The Terror Asymmetric Project, where I work, has been exploring and attacking ISIL’s Dark Web network for over a year, with some success, but this is a job for U.S. Cyber Command, which has not yet launched a global cyber campaign against the terrorist group.
- Prepare for at-sea war crimes trials
The U.S. House of Representatives and Secretary of State John Kerry this week declared that ISIL is committing genocide against Christians and Yazidis in the Middle East. ISIL fighters have also committed war crimes against Muslims, both Shiite and Sunni. The international community should launch a bold response.
Many ISIL fighters, once captured, are turned over to their home countries for trial or held in ramshackle prisons where chances of escape are fairly good. Instead of continuing this practice, the international community, with the U.S. taking the lead, should send captured high-value ISIL fighters to prison ships and convene immediate, no-nonsense international war crimes trials based at sea. These ships could be positioned off Diego Garcia, the British protectorate in the deepest part of the Indian Ocean. Prosecutors, defense lawyers and witnesses could conference by video. The ships could be equipped for swift on-board capital punishment. If the sentence were a prison term, the terrorist would be transported to a Western prison with adequate security and safeguards.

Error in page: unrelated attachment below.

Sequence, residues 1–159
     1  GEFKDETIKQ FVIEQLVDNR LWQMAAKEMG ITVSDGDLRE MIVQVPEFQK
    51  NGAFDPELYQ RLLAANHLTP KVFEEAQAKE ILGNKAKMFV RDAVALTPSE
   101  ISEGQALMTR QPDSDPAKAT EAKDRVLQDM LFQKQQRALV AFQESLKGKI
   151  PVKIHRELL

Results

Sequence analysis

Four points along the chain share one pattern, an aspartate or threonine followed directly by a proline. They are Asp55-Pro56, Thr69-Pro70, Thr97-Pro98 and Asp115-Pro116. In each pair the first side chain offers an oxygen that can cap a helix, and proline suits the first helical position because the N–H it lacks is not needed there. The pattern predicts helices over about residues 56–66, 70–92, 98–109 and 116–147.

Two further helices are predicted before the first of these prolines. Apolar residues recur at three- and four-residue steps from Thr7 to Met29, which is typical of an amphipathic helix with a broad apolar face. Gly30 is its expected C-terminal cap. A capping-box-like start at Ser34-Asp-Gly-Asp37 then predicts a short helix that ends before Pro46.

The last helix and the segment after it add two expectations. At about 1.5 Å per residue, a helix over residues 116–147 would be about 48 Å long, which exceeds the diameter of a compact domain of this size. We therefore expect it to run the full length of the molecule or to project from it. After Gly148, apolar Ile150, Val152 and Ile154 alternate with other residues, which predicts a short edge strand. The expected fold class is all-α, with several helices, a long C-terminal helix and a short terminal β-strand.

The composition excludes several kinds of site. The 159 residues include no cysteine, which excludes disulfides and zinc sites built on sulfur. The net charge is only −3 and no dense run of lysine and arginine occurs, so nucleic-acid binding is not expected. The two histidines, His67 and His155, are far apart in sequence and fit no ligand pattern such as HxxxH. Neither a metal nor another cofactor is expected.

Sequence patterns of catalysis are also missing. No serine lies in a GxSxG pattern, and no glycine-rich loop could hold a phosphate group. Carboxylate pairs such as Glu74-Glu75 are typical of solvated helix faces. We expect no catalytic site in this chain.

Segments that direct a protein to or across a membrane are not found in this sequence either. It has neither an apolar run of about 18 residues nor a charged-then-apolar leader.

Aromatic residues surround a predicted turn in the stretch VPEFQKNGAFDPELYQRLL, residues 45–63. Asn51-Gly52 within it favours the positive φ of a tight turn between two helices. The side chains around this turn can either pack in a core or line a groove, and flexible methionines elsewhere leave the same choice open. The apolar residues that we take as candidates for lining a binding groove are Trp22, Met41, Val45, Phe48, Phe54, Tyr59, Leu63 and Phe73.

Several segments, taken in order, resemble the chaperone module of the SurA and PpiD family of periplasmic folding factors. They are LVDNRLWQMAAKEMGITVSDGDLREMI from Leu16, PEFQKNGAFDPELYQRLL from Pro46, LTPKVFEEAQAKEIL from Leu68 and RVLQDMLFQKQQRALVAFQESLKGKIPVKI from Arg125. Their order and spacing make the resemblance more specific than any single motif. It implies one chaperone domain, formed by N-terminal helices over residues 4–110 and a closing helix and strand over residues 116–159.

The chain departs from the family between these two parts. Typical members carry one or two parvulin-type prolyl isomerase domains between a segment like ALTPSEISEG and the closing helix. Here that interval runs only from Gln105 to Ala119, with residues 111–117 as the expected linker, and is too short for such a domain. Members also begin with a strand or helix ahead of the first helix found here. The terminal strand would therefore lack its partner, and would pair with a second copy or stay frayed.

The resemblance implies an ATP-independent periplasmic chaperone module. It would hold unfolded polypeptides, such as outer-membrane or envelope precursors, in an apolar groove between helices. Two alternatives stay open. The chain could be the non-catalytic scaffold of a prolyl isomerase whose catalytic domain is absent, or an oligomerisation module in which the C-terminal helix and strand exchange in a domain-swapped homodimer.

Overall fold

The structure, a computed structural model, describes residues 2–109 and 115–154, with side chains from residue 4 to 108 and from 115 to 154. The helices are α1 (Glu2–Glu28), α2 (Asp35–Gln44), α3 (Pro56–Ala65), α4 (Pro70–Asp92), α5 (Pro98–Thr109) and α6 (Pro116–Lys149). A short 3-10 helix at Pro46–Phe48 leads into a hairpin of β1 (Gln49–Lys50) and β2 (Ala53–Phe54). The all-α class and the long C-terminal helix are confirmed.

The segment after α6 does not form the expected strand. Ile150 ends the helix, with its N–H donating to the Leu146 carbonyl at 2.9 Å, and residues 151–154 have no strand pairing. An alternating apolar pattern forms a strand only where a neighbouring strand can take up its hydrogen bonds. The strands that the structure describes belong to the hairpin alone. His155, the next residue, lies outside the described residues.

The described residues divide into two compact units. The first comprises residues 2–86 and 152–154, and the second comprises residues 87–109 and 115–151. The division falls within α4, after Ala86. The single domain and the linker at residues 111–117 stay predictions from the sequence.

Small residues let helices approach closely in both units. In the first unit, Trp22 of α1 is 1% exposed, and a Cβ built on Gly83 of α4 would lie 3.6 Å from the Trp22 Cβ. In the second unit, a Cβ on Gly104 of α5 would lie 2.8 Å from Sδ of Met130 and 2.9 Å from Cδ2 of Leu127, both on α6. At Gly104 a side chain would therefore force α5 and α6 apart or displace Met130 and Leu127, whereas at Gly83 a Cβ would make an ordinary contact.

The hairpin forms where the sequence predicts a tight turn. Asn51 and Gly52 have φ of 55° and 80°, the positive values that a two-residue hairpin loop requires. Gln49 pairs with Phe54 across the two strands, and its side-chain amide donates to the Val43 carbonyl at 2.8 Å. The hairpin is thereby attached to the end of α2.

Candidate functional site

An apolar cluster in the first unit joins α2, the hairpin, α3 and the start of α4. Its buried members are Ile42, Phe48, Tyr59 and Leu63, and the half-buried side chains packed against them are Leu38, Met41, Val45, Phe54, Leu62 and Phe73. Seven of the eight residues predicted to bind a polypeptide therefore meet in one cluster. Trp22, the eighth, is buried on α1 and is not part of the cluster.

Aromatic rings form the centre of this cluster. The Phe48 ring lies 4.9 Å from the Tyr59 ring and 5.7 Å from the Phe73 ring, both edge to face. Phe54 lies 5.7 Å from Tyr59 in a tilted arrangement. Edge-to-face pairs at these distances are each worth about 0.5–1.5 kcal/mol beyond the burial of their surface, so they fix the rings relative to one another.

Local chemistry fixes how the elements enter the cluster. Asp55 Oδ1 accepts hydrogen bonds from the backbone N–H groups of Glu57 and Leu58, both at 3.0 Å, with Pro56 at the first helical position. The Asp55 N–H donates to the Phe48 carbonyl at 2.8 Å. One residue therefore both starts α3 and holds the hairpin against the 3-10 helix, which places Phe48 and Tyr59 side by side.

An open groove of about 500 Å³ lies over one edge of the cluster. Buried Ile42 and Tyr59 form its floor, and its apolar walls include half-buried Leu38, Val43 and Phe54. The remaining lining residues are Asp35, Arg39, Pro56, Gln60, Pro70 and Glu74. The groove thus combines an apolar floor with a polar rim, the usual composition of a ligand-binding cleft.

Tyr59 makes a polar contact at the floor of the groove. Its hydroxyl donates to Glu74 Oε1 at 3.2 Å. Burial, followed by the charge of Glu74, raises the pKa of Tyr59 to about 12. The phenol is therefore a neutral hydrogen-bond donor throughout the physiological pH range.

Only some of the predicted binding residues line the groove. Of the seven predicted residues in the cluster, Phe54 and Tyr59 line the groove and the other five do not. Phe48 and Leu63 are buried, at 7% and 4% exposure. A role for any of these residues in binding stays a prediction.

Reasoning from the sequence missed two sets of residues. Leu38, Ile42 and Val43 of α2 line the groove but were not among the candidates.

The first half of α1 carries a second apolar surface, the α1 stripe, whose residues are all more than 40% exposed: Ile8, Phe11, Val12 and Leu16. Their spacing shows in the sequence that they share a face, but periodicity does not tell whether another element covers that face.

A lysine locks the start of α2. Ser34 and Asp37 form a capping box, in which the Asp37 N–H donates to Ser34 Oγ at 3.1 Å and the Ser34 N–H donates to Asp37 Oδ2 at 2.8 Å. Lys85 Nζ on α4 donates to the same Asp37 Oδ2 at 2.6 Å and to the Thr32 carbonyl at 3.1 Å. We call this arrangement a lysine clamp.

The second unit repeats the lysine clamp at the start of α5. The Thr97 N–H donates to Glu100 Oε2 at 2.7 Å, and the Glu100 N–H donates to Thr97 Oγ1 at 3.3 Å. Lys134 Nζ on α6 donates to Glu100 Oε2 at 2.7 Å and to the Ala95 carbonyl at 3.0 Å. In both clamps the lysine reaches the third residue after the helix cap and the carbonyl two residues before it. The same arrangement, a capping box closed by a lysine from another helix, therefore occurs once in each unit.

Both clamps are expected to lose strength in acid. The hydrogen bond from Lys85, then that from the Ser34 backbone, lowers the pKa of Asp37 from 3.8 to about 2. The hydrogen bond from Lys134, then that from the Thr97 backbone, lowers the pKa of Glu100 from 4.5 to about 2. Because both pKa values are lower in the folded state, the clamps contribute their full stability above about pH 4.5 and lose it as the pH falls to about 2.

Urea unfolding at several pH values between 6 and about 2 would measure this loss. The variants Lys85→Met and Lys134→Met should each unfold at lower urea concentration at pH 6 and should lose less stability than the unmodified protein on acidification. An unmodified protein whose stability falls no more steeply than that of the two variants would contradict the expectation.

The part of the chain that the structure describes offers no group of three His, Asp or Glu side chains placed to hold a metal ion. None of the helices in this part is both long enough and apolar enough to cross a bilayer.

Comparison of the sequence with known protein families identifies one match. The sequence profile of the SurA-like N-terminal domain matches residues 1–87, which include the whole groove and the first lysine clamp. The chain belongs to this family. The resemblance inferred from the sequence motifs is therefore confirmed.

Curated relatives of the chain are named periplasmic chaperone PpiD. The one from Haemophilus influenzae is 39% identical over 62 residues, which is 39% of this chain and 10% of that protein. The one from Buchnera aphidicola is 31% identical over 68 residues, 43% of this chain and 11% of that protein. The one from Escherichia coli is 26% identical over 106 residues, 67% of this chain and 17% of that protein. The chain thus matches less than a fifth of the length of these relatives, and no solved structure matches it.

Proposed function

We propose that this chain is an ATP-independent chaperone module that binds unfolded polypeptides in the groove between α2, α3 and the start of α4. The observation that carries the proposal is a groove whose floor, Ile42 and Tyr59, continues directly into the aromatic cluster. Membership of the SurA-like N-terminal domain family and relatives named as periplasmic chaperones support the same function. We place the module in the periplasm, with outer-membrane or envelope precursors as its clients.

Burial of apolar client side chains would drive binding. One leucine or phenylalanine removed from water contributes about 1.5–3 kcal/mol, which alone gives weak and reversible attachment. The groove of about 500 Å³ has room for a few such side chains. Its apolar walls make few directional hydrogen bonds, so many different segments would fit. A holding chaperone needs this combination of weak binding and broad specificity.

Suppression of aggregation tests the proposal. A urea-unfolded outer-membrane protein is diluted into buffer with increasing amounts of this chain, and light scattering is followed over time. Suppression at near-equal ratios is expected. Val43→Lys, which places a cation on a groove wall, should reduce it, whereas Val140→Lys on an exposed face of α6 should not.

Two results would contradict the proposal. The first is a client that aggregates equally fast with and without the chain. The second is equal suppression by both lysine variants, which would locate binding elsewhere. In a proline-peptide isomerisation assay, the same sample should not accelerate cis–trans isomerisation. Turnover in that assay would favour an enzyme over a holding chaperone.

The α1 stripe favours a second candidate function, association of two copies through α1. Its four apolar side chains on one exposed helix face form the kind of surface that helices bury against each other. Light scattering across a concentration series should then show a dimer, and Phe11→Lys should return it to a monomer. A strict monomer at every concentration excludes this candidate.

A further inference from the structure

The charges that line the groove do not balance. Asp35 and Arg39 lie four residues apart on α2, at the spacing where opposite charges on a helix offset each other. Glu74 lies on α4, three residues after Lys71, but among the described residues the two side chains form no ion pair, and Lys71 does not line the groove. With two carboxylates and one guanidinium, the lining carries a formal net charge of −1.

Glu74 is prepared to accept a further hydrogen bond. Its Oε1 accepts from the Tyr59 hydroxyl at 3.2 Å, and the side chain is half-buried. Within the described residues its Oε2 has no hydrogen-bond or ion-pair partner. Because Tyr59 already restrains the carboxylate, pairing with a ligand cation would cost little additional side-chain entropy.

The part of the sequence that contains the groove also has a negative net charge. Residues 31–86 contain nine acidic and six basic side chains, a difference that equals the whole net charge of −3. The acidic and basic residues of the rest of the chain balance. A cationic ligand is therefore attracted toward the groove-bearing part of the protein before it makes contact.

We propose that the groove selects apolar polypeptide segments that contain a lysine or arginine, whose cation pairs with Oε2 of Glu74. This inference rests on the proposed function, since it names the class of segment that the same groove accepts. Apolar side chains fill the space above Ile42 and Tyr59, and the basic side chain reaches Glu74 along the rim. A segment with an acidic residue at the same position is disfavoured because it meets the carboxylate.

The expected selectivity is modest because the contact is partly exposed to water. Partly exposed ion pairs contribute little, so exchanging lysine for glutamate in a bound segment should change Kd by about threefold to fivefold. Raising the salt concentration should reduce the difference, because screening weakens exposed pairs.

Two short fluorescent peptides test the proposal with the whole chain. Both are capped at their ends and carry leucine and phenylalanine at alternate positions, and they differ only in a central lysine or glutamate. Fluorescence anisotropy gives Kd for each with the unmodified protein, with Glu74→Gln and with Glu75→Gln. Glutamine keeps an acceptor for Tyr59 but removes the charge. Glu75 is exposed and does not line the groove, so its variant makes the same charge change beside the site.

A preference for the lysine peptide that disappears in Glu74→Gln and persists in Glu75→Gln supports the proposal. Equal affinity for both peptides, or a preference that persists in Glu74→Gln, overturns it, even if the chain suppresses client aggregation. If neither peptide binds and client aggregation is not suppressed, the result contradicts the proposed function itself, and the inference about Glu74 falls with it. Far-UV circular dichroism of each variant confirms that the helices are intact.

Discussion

Modern, large-scale prison ships would have to be built and contracted, but they would be far less costly than maintaining Guantánamo Bay—and very difficult to locate or escape from. Not to mention that starting international war crimes trials would immediately change ISIL’s global image from victorious expeditionary army to a band of hunted war criminals.
Malcolm Nance is executive director of the Terror Asymmetrics Project and a former a career U.S. Navy Counterterrorism Intelligence Officer who has worked in the Middle East for over 35 years. He is author of Defeating ISIS: Who they are. How they fight. What they believe.